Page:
Idea in short

In 1981, Don C. Watters of McKinsey & Company, wrote a staff paper introducing the cost curve as a model for analyzing the strategic decisions about capacity and production that players in heavy, high fixed cost industries have to make towards capacity and production planning. Originally developed in McKinsey’s San Francisco office by Ted Hall and others, the model presented in Watters’ paper, The Industry Cost Curve as a strategic tool, is a classic business analysis tool.

The Model

The Industry Cost Curve[1] is an established instrument of strategic planning, controlling and competitive intelligence. It enables businesses to obtain key insights about the impact of changes in capacity, demand and input costs on market prices and vice versa.

Capacity Changes

It is easy to visualize the impact on supply or demand and quickly get an understanding which plants are competitive under a given scenario. This model also helps guide expansions, consolidations, strategic investments, acquisitions, etc.


In a clearly defined (near-)commodity market, you can deduce market price levels from the cost curve. If all players to the left of the demand price their product at the manufacturing cost of the more expensive player, they can secure all market share while pricing competitors out of the market


An understanding of cost and value drivers helps identify improvement opportunities based on benchmarks, both within an organization and against competitors

Cost Curve

The model displays all market participants by unit costs cost of goods sold in ascending order on Y-axis and cumulated capacities available capacity at a time on the X-axis. The level of demand for a particular product and the unit cost of the capacity of the next supplier determine the market price for that product.

Industry Cost Curve

Industry Cost Curve

The producers of a given commodity, in the context of the industrial cost curve the market participants and competitors, are generally willing to supply as long as the price they can obtain exceeds the unit cost of production. The Industry Cost Curve displays all market participants by unit costs [cost of good sold] in ascending order on Y-axis and cumulated capacities [available capacity at a time] on the X-axis.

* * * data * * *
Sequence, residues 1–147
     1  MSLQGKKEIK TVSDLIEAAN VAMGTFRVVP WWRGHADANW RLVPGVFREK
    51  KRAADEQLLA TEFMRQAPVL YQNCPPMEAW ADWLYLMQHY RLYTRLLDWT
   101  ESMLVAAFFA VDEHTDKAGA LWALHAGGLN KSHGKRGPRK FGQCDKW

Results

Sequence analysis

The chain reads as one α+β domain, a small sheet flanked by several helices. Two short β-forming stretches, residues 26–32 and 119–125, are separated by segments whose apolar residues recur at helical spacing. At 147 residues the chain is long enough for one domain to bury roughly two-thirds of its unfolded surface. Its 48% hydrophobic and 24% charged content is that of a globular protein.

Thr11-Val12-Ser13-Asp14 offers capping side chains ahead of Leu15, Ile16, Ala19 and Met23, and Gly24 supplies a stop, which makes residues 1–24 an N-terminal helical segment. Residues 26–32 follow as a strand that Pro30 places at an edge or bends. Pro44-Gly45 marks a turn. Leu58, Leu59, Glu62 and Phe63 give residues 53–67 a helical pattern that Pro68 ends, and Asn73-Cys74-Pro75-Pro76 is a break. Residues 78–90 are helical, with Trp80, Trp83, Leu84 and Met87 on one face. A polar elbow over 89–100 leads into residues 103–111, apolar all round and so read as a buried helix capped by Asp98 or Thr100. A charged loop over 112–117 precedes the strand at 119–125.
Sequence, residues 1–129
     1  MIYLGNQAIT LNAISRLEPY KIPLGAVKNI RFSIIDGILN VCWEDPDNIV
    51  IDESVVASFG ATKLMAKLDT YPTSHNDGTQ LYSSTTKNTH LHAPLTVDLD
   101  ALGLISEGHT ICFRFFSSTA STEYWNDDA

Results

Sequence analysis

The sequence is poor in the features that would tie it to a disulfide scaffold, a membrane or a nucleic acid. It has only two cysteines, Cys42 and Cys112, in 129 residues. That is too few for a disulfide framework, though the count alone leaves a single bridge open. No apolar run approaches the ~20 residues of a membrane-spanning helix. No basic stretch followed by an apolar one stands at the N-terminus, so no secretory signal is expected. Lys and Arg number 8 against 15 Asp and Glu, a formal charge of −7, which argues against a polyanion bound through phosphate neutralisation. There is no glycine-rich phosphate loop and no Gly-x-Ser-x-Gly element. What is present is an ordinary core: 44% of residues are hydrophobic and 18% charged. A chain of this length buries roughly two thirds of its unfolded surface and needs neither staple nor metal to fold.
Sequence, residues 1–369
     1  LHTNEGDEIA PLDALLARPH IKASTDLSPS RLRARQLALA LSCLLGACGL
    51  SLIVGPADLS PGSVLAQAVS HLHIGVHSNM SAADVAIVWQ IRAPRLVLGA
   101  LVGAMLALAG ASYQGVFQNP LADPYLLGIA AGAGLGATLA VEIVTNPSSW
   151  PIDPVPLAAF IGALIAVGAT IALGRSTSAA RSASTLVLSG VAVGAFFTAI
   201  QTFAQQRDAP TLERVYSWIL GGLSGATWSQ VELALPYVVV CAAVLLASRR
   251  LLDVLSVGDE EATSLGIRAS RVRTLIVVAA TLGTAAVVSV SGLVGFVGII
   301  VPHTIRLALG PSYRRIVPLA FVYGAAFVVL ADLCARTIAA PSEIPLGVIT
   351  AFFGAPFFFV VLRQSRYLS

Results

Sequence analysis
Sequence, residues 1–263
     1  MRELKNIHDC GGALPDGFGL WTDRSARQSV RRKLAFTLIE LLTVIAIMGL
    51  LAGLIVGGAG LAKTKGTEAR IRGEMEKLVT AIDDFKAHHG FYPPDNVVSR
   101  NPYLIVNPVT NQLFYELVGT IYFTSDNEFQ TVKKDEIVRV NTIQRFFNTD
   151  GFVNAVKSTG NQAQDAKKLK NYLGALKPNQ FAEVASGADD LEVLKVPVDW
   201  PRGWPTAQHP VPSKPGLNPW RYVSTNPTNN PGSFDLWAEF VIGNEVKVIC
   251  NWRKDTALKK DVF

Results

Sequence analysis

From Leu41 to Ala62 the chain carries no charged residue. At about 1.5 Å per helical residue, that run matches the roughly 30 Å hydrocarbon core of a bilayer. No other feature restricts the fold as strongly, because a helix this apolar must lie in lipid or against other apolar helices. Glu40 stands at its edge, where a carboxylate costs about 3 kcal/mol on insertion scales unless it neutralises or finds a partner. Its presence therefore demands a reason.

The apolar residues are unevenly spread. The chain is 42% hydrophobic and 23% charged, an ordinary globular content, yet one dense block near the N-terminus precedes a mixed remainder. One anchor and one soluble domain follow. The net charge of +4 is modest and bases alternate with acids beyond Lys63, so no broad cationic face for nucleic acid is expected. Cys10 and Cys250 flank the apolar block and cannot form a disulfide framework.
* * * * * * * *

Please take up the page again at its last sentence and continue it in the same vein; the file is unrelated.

Under conditions in the broader microeconomic and Industry Cost Curve theory, the level of demand for a product and the unit cost of the capacity of the next available supplier determine the market price.

In theory, firms can use the Industry Cost Curve to predict the impact of changes in capacity, demand shifts and input costs on market prices – and vice versa.

Of particular interest here may be:

  • Market price for a given market demand
  • Market demand for a given market price
  • Structure of the composition of market participants, for example by region, market segment or competitor
  • Currency conversions for international use
  • Scenario planning to anticipate changes
  • Access to low cost or higher grade raw materials
  • Access or ownership of key infrastructure
  • Access or ownership of proprietary knowledge, hardware, software or patents
  • Use of technology in production or extraction processes
  • Age and type of machinery used in operations
  • Access to financial and human capital

Among other advantages and characteristics the items above can affect the cost curve of your operations and where it is positioned in relation to other competitors.

Case Study – Yellow Writing Pads

In the paper, Watters wrote:

To illustrate the industry cost curve, let us look at the market for yellow writing pads—a product all too familiar to consultants. For a given year, assume that demand is 75,000 tons, regardless of price. Before drawing the cost curve, you should list all existing paper mills, their production capacities, and their per-unit costs as well as any potential new mills or expansions of existing ones. Draw the curve as shown below, starting with the lowest-cost plant at the left and progressing through successively higher-cost facilities. In a well-functioning market, the lowest-cost plant will produce as much as it can, as will the second-lowest-cost plant and so on, until demand is completely satisfied. Any higher-cost plants that are not needed to meet demand will be priced out of the market.

Yellow Pad

Industry Cost Curve – Yellow Pad